Britain’s double Chinese betrayal?
Tuesday, 28 February 2012 at 10:02 am
The relationship between the Chinese and the British goes back over 200 years. And the products of that relationship are evident throughout what used to be Britain’s Empire. It can be seen in the architecture it left behind in Shanghai and Hong Kong and in the populations of Chinese descent living in Britain and the countries that were part of that Empire, both formal and informal.
The East India Company recruited Chinese seamen in the eighteenth century to man its trading vessels in the Far East. The Royal Navy recruited them in the Napoleonic Wars. Heirs to the Great Voyages of Admiral Zheng He, they were known to be excellent seamen, sober and industrious.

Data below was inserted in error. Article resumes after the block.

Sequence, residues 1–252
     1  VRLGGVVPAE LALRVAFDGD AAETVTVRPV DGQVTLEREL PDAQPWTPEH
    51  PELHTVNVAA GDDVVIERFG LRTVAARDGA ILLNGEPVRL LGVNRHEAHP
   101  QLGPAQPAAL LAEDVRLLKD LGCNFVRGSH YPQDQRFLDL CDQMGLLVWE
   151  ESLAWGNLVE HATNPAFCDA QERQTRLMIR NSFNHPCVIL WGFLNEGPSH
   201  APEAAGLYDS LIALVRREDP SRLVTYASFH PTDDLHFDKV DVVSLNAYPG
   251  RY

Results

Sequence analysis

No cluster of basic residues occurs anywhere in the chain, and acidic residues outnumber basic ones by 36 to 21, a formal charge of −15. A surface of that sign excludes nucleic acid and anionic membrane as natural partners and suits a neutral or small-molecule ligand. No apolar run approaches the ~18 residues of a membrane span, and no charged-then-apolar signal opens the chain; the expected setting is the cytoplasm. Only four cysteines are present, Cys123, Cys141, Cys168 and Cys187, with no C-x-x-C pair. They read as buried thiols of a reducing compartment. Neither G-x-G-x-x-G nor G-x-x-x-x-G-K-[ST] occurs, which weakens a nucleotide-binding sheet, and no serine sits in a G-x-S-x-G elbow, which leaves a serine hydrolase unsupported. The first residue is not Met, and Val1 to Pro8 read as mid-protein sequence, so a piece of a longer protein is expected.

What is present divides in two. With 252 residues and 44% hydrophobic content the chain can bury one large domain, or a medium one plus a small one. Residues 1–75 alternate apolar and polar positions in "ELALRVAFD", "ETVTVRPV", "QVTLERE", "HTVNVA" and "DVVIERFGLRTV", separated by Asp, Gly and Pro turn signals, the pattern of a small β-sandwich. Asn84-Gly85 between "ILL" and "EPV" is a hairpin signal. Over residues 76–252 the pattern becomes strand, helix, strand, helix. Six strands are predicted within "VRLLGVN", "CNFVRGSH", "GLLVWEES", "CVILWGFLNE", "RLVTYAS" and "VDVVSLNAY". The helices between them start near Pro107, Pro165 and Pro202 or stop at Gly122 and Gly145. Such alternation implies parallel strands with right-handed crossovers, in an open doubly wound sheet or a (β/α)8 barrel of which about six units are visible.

Chinese seamen in their thousands were used in the British merchant fleet in both the First and Second World Wars, most sailing out of the city of Liverpool in the North West of England. Hundreds of these men settled down with local women and began to raise families only to find that at the end of the conflict that they were no longer needed.
After World War I men found themselves unable to get work, some waiting two years to find a ship. After World War II, the situation was to be far worse. Almost twenty thousand Chinese mariners were based in Liverpool manning the convoys that brought the supplies from the USA without which Britain could not fight the War. Like in the first conflict, hundreds formed relationships with girls in the city and had children. At least a thousand babies were born to these Anglo-Chinese couples.
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